Professor Emeritus, Department of Physics & Astronomy
- 225 Nieuwland Science Hall
Notre Dame, IN 46556
Prof. Arnold was active in the field of superconductivity. His research centered on the theory of the superconducting proximity effect, whereby a thin layer of otherwise non-superconducting metal is induced to become superconducting by a thick layer of superconducting metal. In addition, he has developed exact expressions for current vs. voltage characteristics of tunnel junctions involving superconductors, and for semiconducting heterostructures.
The discovery of high-temperature superconductors in 1987 prompted his interest in two-dimensional antiferromagnets, which are fundamentally different from three-dimensional antiferromagnets. Several of the high-temperature superconductors are antiferromagnetic when their oxygen content is reduced. In at least two cases, the observed antiferromagnetism is found to be very much as expected for a two-dimensional antiferromagnet. Even in the superconducting state, short-ranged antiferromagnet correlations have been observed in these materials. There are currently several theories of the mechanism of high temperature superconductivity that depend crucially upon antiferromagnetic correlations. Prof. Arnold is investigating these theories and the degree to which they may be tested by experiments such as photoemission and tunneling. The theoretical tools he employs in his research are those of finite temperature field theory, with functional integrals and Feynman diagrams providing systematic approximation methods.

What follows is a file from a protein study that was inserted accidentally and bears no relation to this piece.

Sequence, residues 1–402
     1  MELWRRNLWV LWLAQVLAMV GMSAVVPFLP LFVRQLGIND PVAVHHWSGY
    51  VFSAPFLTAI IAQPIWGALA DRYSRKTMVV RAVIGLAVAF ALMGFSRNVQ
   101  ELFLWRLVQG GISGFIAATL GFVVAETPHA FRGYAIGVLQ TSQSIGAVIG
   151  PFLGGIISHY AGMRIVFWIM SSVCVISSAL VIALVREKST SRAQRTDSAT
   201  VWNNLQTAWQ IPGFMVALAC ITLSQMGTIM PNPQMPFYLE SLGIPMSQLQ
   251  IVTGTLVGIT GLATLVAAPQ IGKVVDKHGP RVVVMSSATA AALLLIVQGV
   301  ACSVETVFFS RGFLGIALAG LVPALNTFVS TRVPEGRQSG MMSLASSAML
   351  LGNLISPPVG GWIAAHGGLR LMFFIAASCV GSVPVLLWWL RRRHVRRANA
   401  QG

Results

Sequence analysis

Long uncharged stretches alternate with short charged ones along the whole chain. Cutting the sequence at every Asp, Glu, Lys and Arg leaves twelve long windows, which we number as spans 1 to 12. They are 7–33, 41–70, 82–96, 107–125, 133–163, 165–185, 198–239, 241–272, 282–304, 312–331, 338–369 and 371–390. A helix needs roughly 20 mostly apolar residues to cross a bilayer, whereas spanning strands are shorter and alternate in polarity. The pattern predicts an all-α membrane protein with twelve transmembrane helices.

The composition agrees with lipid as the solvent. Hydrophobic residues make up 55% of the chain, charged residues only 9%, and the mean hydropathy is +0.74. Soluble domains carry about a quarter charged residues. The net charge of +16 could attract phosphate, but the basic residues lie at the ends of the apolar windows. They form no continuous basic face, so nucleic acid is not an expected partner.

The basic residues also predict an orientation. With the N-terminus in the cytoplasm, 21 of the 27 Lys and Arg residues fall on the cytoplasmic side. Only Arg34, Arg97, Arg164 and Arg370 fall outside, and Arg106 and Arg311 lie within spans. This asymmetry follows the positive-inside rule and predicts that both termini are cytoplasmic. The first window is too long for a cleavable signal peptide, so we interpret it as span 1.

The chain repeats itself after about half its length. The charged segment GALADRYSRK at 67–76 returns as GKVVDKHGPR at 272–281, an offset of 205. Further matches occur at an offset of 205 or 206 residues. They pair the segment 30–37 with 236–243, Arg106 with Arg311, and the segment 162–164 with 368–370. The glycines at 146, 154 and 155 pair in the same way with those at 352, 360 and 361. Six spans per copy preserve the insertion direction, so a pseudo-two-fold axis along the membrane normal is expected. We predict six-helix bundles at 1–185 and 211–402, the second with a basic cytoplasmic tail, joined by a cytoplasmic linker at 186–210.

Emeritus Status August 1, 2013
B.S., Northwestern University, 1969
M.S., UCLA, 1972
Ph.D., ibid., 1977